First Drive: Maserati Levante GranLusso

26th October 2017
erin_baker_headshot.jpg Erin Baker

Doesn’t time fly when you’re having fun? Less than two years after Maserati launched its Levante SUV, it’s time for the first refresh. 


Unsurprisingly, the Levante is already Maserati’s best-seller… it’s an SUV, stupid  where else would it fall in the sales charts, other than in pole position? SUVs count for 57 per cent of the luxury car market these days, and the Levante counts for 55 per cent of the world’s Maserati sales. The most significant number, however, is 90… for 90 per cent of Levante customers, the SUV is their first Maserati: that’s almost 25,000 new customers for Maserati, nicked from other brands, in the past year. Bingo.

This refresh is a visual blink-and-you’ll-miss-it redesign. There are two new specifications: GranLusso (luxury trim) and GranSport (sport trim), with the “S” badge acting as the base version in the UK. GranLusso gives you more silver bits and pieces on the outside, GranSport turns the grille and other details black, for that sporty vibe. Oh, and the doors are soft close and the Trident has a blue edge to it.

But the main party piece is the new 3.0-litre V6 twin-turbo petrol engine. This was introduced in the UK in the summer but gives buyers of the new Levante a choice from launch  this or the V6 diesel.

And the answer is this. Most definitely, this. Maserati’s sibling, Ferrari, builds Maserati's petrol engines in Modena. And it is this petrol V6 which finally makes the Levante so very much a Maserati and quashes the nagging feeling that you’ve somehow bought the badge but not the car. This is now the car.

What an engine. It just makes you giggle in an SUV. Yes, it’s ridiculous to hear that noise coming from a jacked-up, large five-seater, but it delivers on performance too: 0-62mph in five seconds. You can’t stop flipping the cool-touch metal flappy paddles on the steering wheel when the powertrain is in Sport mode, partly for the surge of power but also for the noises the engine makes as it beats around the rev range.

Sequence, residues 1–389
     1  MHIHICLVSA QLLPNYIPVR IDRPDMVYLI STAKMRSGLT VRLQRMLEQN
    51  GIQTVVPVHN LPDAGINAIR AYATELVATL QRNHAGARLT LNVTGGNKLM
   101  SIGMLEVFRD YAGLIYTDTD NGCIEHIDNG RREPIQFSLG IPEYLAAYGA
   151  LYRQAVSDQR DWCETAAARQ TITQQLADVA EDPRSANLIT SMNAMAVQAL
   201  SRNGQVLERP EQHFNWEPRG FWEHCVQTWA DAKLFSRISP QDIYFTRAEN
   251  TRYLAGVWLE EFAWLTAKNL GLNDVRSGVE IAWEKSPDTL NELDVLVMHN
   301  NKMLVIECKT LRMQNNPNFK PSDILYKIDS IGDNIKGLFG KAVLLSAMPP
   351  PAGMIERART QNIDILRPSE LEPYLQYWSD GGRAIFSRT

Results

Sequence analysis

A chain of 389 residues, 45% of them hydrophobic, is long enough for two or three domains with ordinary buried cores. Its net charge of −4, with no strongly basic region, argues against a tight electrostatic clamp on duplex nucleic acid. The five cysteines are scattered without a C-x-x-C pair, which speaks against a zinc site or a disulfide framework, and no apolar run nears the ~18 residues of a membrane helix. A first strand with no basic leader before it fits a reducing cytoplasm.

The engine is the ubiquitous ZF eight-speed and it’s just as good in the Levante as it is in Jaguar Land Rover products. 

The steering is now electronic instead of hydraulic; mixed reviews on this from my colleagues, but the added torque around the dead-ahead works brilliantly for a sense of precision and control at slow speeds. That’s crucial in this car because it really does feel heavy and wide compared with, say, the Alfa Stelvio. You might think, all being equal under the Fiat umbrella, these two companies would share components and engines, if not platforms (Stelvio is Giulia, Levante is Ghibli, also due for refresh soon), but no, everything, is different, partly to assuage Maserati owners that they’re getting value for the extra pounds. 

And you do feel that, up to a point. Levante owners get four-wheel-drive and air suspension as standard, both of which you’d want, the first for practicality, the second for comfort. And there’s the spine-tingling noise that the engine makes as it works its way up to 424bhp. For that, we’re tempted to ignore the clumsy and fiddly infographics on the satnav screen.

This new Levante is a much, much better proposition than the launch version, purely because of that Ferrari-derived engine which turns the car from a half-hearted marketing attempt to tick the luxury Italian SUV box into a seriously engineered, driver’s proposition.

The numbers:

Engine: 2,979cc twin-turbo V6 petrol

Transmission: 8-spd auto

bhp/lb ft: 424/428

0-62mph: 5.2sec

Top Speed: 164mph

Price as tested: £76,995 (from £56,250)

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